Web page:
This gluten free, soup recipe is a one pot wonder, the best type of all recipes. It is a perfect type of meal to throw into the freezer for easy, heat and eat, meals for busy weeknights. It also perfect for kids and adults for take-a-way lunches. Pair it with crudités and dip and you’ve got a simple and easy lunch for the whole family for the week! Take the time to make this on the weekend, and your busy-week day self will be patting you on the back with less time spent in the kitchen and more time spent with yourself and your family.
This is a great dairy free dip that is packed full of bone building nutrients. Tahini and white beans are choke full of calcium, magnesium – two nutrients that are essential for bone health.
For individuals with celiac disease, dairy (most often, it’s the lactose in diary) is not well tolerated when first diagnosed. This is because celiac disease damages the villi, small finger like projections that absorb nutrients, in the small intestine. Villi also happen to produce lactAse, the enzyme needed to digest lactose. So, when the villi are damaged, a secondary lactose sensitivity can develop. Not to fear though, by following a strict gluten free diet, the villi grow back and tolerance to lactose can improve.
Constipation can be a real debbie downer. It can make you feel lethargic, bloated, gassy and may even cause intestinal cramping. People are sometimes embarrassed to talk about their bathroom habits, but as a dietitian, that’s all I do all day long! I have no problems with it. I’m so comfortable talking about it, I can eat at the same time. Yeah, you’re probably thinking ‘ugh, gross!’.
In all seriousness, your bowels tell you so much about your overall health. They can tell you how much you are absorbing or not absorbing of your food and give you subtle hints towards your overall health. It’s worth taking peek down there in the toilet every so often.
When it comes to constipation, it’s important to know the definition of constipation and what constipation looks like. Constipation is defined as bowels that are hard like nuts, hard to pass (causes you to strain and push them out), may cause digestive symptoms like those listed above, and happen less often than your normal. Now, everyone is going to have a different normal. Some people go every other day, everyday, or every 3 days or even longer. Usually, if you are going less than every three days, that’s too long (as per WebMD). However, it is through my experience and my client’s experience, that they feel best by going at least once/day. So, in my practice, my goal is to ensure that clients are emptying their bowels daily.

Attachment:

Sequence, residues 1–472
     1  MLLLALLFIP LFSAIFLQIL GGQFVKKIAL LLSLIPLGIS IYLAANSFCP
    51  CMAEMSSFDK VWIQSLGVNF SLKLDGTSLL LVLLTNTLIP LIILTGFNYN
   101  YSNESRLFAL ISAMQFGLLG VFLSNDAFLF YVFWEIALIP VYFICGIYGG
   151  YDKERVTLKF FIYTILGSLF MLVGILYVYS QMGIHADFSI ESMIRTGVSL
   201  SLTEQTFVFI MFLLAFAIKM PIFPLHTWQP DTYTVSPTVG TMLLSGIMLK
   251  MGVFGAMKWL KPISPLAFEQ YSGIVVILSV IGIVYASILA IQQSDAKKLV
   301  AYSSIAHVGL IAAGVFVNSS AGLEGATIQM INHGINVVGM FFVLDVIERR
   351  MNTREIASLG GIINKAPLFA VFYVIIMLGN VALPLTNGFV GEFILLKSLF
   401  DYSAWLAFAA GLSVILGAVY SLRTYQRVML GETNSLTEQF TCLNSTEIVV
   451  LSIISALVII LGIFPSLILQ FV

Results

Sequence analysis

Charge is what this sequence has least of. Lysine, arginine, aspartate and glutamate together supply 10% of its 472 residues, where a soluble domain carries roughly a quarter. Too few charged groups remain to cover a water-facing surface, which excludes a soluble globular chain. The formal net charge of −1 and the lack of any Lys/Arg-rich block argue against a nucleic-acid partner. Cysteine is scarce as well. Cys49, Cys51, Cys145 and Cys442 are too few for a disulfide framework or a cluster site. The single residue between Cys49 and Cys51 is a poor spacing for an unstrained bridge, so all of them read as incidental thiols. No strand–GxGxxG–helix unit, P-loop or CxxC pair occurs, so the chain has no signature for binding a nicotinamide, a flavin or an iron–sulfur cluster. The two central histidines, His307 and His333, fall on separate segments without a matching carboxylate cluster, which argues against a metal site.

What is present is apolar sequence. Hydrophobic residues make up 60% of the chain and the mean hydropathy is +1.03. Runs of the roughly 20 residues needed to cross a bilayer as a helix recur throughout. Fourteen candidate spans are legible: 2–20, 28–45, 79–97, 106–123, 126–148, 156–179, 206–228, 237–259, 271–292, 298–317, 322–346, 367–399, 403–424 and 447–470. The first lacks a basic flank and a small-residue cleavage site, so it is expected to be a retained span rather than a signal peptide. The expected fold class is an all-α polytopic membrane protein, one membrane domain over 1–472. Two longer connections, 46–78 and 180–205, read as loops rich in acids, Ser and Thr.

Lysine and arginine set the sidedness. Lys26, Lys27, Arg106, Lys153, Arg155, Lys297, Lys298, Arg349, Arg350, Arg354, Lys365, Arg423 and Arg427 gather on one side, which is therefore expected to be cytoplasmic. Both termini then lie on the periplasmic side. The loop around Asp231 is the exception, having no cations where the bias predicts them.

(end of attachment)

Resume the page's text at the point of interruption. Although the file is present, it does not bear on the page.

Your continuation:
Don’t know how to enhance the flavour of vegetables? Just roast them. It is a simple and delicious way to bring out the vegetable’s natural sweetness. SO good.
Did you know that your tastebuds light up with joy when there is at least two textures on the plate? It’s true. I learned this from a culinary chef during my training in integrative nutrition and I have certainly enjoyed my food, more so, when I combine different textures.
With this recipe, I took vegetables from the farmer’s market, snipped some herbs from the garden and added some crunch with roasted nuts, and creaminess with the lemon tahini sauce.
Fighting inflammation with food is all the rage right now. Google “anti-inflammatory foods’ and you get over 26,000,000 hits. Wowza.
But in all seriousness, anti-inflammatory foods are really important for celiac disease. Celiac disease is based in a chronic, inflammatory response so fighting inflammation with food (along with supplements at times) is key.
Inflammation can come from certain foods in the diet. The big culprits are foods high in sugar and refined carbohydrates. Many people, especially when first diagnosed, transition to gluten free products that encourage the inflammatory process.